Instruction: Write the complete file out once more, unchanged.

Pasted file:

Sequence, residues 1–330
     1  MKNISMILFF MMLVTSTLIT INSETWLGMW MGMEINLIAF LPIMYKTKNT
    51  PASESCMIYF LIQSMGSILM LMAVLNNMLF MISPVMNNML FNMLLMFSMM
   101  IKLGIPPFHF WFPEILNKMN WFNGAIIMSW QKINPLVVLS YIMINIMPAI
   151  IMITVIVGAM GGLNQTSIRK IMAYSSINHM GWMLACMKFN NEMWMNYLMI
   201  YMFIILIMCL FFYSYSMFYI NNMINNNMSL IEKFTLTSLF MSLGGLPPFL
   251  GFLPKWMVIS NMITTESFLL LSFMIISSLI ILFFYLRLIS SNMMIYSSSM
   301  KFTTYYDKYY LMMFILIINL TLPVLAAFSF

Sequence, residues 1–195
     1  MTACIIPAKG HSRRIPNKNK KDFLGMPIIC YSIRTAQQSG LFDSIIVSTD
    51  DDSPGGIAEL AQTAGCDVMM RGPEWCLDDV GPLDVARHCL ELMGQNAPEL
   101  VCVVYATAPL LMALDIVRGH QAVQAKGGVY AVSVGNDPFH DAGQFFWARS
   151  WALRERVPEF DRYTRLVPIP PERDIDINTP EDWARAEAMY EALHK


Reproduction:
Sequence, residues 1–330
     1  MKNISMILFF MMLVTSTLIT INSETWLGMW MGMEINLIAF LPIMYKTKNT
    51  PASESCMIYF LIQSMGSILM LMAVLNNMLF MISPVMNNML FNMLLMFSMM
   101  IKLGIPPFHF WFPEILNKMN WFNGAIIMSW QKINPLVVLS YIMINIMPAI
   151  IMITVIVGAM GGLNQTSIRK IMAYSSINHM GWMLACMKFN NEMWMNYLMI
   201  YMFIILIMCL FFYSYSMFYI NNMINNNMSL IEKFTLTSLF MSLGGLPPFL
   251  GFLPKWMVIS NMITTESFLL LSFMIISSLI ILFFYLRLIS SNMMIYSSSM
   301  KFTTYYDKYY LMMFILIINL TLPVLAAFSF

Sequence, residues 1–195
     1  MTACIIPAKG HSRRIPNKNK KDFLGMPIIC YSIRTAQQSG LFDSIIVSTD
    51  DDSPGGIAEL AQTAGCDVMM RGPEWCLDDV GPLDVARHCL ELMGQNAPEL
   101  VCVVYATAPL LMALDIVRGH QAVQAKGGVY AVSVGNDPFH DAGQFFWARS
   151  WALRERVPEF DRYTRLVPIP PERDIDINTP EDWARAEAMY EALHK